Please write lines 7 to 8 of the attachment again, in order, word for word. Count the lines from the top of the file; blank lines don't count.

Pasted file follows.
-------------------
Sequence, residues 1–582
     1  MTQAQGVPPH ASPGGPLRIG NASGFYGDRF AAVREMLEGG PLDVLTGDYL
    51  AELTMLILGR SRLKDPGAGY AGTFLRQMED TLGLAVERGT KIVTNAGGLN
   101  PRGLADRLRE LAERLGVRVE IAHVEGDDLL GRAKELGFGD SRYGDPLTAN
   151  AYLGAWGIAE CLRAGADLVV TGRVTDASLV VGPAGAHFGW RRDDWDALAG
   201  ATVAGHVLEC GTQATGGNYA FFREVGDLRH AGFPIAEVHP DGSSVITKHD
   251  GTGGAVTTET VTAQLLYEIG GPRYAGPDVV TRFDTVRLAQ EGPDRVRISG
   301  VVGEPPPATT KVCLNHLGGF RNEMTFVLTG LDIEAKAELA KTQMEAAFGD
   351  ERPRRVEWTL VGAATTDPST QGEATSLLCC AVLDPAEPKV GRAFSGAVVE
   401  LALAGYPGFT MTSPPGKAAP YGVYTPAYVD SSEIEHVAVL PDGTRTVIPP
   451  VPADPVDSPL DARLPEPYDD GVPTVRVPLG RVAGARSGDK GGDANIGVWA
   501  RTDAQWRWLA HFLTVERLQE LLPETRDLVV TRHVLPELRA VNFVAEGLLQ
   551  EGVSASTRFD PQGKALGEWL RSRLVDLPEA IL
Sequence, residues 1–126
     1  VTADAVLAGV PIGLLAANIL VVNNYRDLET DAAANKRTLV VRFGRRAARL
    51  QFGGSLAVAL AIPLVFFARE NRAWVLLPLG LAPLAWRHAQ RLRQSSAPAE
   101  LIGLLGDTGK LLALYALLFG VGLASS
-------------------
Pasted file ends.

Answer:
   251  GTGGAVTTET VTAQLLYEIG GPRYAGPDVV TRFDTVRLAQ EGPDRVRISG
   301  VVGEPPPATT KVCLNHLGGF RNEMTFVLTG LDIEAKAELA KTQMEAAFGD